Embattled outsourcer Serco (LSE: SRP) had some good news for investors today. The company, which has been undergoing a restructuring for around three years, announced this morning that it had signed heads of terms to acquire a portfolio of “selected UK health facilities management contracts” from Carillion, for a total consideration of £50m.
Also, the company told investors today that it has spent £15m to acquire US defence engineering firm BTP Systems. The deal is set to complete “around the end of next year” while the healthcare contract is expected to be fully integrated by the end of 2018 too. The healthcare deal will produce estimated annual revenue of approximately £90m for more than a decade.
A turning point
The fact that Serco has started to do deals again marks a turning point for the struggling business. Indeed, after three years of falling profits and revenues, this year City analysts are expecting the company to report a robust recovery in pre-tax profit.
A figure of £55m has been pencilled in, up 83% year-on-year on revenues of £3.07bn, up 2%.
I believe that this return to growth will result in a higher dividend for investors. Serco slashed its payout in 2013, from 10p per share to 2.5p before eliminating it entirely. Analysts are expecting a token distribution of 0.13p this year rising to 0.4p for 2018.
After this growth of 200%, there is scope for further payout increases as earnings continue to expand. Based on current projections, the payout will be covered 10 times by earnings per share for 2018. Historically, Serco has paid out around one-third of earnings to investors via dividends. As revenues stabilise, I expect management to re-adopt this strategy.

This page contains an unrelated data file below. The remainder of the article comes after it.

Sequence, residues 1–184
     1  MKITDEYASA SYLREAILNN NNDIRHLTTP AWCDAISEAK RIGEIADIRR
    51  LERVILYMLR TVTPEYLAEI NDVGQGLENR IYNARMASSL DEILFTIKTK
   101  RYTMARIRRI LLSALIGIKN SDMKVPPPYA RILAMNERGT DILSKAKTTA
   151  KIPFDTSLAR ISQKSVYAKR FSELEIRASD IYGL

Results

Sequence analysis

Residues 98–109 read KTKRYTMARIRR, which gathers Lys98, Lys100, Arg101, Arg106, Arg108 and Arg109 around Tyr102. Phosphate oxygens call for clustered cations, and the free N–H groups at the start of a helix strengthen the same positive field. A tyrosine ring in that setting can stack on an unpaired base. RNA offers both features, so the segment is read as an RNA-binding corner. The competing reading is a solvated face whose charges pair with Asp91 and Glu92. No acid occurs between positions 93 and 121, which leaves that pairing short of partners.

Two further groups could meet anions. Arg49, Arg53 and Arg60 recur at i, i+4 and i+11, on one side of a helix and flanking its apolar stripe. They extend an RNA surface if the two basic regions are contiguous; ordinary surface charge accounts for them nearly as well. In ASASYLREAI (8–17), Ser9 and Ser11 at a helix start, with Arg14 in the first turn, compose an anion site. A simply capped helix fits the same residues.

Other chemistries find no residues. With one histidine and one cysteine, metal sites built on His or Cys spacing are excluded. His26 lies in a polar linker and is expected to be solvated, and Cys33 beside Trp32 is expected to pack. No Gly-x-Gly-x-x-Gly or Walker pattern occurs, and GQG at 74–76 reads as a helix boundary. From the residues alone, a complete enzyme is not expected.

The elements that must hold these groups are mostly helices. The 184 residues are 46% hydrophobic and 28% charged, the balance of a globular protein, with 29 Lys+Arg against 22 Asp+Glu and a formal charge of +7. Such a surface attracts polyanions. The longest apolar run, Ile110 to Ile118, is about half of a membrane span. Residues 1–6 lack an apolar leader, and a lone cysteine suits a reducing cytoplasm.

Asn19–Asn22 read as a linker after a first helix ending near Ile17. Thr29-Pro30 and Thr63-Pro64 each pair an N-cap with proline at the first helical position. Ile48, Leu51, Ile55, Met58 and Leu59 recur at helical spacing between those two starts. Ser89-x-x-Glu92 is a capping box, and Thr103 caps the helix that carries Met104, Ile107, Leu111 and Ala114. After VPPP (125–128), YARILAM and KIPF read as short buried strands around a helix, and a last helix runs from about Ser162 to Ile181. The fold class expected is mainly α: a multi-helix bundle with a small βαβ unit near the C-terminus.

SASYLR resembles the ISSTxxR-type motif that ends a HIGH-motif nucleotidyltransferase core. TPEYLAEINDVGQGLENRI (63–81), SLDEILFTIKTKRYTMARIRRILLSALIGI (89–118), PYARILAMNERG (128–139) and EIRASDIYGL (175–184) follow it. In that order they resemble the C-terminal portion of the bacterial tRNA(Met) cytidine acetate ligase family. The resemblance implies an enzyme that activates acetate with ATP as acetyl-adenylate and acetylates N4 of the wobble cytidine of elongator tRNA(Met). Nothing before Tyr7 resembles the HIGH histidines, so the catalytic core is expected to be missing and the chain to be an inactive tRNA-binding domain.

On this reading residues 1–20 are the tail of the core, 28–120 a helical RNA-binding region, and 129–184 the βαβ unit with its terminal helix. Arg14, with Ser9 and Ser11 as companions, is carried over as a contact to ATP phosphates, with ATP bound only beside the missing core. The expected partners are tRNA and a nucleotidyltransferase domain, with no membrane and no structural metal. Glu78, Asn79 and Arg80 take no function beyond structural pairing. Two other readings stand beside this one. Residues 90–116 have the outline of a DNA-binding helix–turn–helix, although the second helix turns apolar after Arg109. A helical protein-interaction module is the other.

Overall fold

According to my figures, paying out one-third of earnings for 2018 would give a total dividend of 1.2p per share, up 900% from current levels.
Growth at Secure Trust Bank (LSE: STB) has been nothing short of exceptional over the past five years. Revenue has expanded from £47m to an estimated £138m for this year and if the company hits City analysts’ estimates for growth, by 2018 earnings per share will have doubled in the space of seven years.
However, despite this growth, the company remains unloved by the market. The shares support a dividend yield of 4.5% and only trade at a forward P/E of 12.9, falling to 9.9 for 2018.
If the company can repeat its performance of the past five years, I believe that there’s scope for both the shares and dividend to double. Doubling earnings per share to 300p or more by 2025, and assuming the earnings multiple remained the same, would give a share price of 3,600p, a return of 10.4% per annum. This excludes and dividend payments.
Right now the company distributes 60% of earnings to investors via dividends. Some 60% of 300p would give a dividend payout of 180p per share, up 125% from current levels, providing a yield of 10% at current prices.
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Rupert Hargreaves owns no share mentioned. The Motley Fool UK has no position in any of the shares mentioned. Views expressed on the companies mentioned in this article are those of the writer and therefore may differ from the official recommendations we make in our subscription services such as Share Advisor, Hidden Winners and Pro. Here at The Motley Fool we believe that considering a diverse range of insights makes us better investors.